Parent care with colicky baby
Caring for a colicky baby can be exhausting and stressful, and can make even the most experienced parent feel like they are at the end of their tether. Relationships within the family can suffer because of the anxiety caused by having a constantly crying, inconsolable infant. Parents of colicky babies need to pay particular attention to making sure their own needs are met, too. Here are some ways to stay sane:
- Accept any and all offers of help from family, friends, colleagues, and health professionals. It can be very hard for new mothers to ask for help, especially when society promotes an idealized version of motherhood where the baby never cries, the house is perfect, and there's a home-cooked meal on the table every night. If people ask what they can do or what you need, swallow your pride and tell them.
- Tell people what's going on. Express your feelings, whether you're frustrated or upset or just plain annoyed. It's perfectly normal to feel helpless, angry, or depressed. Confide in your midwife, GP, partner, supportive family members, and friends. Recognise and name your feelings so that you are aware of what's going on in your own mind.
- Step away from the baby. It can feel counter-intuitive to walk away from a baby who so obviously needs to be soothed and comforted, but when you've done all that you can and taken all that you can take, ask your partner, another trusted family member, or a friend who wants to help you to take over for a while so you can have a break. If friends and neighbours offer to babysit, take them up on it. Even an hour on your own can help you to feel like your strength is renewed and your attitude is refreshed. "I would get quite frustrated when Caprece had colic, and I was so tired. So I would hand her over to my partner, who was really good and would just rock her and let me get some time-out," says Rachael.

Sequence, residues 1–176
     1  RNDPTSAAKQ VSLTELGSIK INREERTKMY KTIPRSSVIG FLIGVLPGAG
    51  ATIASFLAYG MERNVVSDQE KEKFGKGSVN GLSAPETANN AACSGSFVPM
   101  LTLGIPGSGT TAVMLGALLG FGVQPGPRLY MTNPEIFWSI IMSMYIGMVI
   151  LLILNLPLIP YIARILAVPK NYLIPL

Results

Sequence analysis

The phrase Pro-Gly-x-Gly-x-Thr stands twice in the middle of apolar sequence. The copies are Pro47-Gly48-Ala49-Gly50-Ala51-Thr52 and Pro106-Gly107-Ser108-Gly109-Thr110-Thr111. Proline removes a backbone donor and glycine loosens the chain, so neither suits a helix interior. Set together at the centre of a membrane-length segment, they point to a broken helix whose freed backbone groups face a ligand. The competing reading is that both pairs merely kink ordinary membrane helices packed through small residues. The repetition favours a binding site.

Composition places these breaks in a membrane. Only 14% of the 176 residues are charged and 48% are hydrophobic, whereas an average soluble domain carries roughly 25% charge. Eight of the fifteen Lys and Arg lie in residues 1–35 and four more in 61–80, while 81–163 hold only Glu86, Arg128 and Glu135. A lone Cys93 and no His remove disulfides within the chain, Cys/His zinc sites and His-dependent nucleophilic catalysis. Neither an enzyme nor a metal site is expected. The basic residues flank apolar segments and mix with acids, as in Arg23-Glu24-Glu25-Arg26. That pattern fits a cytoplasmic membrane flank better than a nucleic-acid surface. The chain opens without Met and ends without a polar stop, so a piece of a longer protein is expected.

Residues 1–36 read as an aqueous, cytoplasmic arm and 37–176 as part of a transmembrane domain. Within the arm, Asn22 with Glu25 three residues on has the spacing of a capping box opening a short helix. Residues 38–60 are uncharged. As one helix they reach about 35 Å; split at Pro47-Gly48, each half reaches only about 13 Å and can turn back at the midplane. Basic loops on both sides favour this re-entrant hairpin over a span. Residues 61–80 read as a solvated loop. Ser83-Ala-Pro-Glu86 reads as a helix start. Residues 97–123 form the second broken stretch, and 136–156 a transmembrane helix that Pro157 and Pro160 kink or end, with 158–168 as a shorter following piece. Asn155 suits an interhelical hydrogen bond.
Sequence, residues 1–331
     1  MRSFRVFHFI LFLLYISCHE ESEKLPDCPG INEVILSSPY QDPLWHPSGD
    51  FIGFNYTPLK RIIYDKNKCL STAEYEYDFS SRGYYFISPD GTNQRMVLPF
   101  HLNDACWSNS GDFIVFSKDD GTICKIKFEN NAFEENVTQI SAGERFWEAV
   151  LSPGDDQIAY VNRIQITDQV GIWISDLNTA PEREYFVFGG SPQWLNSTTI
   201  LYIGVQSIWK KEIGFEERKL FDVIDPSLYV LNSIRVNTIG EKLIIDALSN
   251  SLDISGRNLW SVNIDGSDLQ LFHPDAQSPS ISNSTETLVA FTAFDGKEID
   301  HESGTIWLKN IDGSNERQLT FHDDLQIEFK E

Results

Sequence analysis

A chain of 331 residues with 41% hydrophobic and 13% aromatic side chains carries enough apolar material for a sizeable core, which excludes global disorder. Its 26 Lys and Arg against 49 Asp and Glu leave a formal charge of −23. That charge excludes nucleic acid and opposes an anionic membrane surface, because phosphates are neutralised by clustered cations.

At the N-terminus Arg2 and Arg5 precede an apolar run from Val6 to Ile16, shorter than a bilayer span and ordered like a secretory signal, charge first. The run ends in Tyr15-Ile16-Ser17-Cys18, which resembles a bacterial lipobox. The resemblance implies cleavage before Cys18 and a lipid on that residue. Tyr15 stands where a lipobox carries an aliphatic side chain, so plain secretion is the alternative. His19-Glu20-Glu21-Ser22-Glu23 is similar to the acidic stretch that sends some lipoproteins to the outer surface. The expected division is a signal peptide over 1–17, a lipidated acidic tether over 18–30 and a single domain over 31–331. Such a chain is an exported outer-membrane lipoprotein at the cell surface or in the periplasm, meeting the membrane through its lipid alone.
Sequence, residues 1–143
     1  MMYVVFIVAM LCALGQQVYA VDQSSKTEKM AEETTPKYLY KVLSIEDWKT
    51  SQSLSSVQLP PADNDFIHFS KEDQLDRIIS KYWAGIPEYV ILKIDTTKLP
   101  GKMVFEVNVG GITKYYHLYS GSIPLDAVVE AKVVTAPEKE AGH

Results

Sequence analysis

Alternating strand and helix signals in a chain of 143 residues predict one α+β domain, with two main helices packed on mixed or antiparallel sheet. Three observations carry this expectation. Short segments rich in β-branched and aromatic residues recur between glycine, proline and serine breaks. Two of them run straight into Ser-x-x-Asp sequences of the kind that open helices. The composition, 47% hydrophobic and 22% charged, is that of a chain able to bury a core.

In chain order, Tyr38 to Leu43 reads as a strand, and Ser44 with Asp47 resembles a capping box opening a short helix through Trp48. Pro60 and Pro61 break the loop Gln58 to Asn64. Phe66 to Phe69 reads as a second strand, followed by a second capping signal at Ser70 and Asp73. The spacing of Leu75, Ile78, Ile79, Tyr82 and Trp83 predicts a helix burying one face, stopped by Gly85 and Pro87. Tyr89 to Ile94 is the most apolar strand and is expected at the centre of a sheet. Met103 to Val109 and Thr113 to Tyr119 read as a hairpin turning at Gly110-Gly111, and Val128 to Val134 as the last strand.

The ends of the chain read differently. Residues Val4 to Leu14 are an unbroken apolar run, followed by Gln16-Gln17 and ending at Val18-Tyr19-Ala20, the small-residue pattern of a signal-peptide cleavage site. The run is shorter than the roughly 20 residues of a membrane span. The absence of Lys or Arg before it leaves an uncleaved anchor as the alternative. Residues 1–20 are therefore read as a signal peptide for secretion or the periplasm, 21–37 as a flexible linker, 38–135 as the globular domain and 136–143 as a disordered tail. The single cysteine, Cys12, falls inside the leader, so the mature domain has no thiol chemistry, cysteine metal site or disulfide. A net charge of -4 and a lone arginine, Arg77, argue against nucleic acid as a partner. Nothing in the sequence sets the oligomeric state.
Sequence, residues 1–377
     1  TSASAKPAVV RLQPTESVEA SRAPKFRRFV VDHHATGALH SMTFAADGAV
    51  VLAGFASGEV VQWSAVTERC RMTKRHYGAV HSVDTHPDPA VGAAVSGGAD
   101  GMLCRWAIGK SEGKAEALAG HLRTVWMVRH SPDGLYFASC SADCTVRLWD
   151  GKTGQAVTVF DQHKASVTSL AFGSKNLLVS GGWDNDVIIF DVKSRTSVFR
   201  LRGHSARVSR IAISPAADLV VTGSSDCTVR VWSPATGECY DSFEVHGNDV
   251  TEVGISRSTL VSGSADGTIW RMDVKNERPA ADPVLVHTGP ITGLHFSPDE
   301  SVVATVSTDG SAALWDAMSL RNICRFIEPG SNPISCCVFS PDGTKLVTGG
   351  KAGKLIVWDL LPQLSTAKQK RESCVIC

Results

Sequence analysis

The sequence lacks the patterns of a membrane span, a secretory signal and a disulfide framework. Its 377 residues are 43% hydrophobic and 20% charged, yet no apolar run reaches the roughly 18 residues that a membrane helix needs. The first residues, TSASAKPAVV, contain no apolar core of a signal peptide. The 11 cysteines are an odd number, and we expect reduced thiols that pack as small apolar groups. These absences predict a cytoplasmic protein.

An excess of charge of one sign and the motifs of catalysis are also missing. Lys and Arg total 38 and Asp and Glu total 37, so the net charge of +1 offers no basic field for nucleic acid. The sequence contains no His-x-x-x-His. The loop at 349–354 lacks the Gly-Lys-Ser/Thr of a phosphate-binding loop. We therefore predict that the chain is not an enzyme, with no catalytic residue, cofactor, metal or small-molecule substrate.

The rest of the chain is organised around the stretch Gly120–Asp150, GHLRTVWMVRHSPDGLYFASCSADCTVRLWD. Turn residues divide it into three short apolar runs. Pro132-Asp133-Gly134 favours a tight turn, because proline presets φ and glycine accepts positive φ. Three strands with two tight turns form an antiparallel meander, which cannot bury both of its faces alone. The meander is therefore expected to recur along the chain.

- Exercise. This may be the last thing you feel like doing, but exercise releases endorphins that can improve your mood. Take a brisk walk, do mum-and-baby yoga in front of the TV, or even just make sure you get out to the letterbox every day. If you can manage it, invest in some earplugs and take your baby for a walk in their pram while the colic episode is happening. Smile widely at curious passers-by, or even hang a sign on the pram saying "Colicky baby inside - approach at your own risk!" to keep nosy strangers at bay.
- Try to stay positive. When you know that a colic episode is coming on, mentally prepare for it by remembering that you are going to get through it, and that it will end - and realize that you are doing everything you can for your baby, so the fact they are crying is not by any means an indication that you are a bad parent. "I think it is important to put a positive spin on any problems so that you don't feel too hard done by," advises Kylie. "A good mantra for all babies in those first few weeks is 'This, too, soon will pass!'" And Rachael agrees. "It was a lot easier to cope, knowing this was just something Caprece would grow out of and not because I was doing something wrong."
- Recognise your limits. If your baby's crying is exhausting you, causing you to lose control or become angry, put the baby in their cot and go into another part of the house to collect yourself. Taking a shower can help - the rushing water often drowns out the sound of the crying and can give you some much-needed time to regain control. If you are thinking of harming your baby, put them in their cot and call your midwife, Plunket nurse, or GP for help immediately.
Next: Myths about colic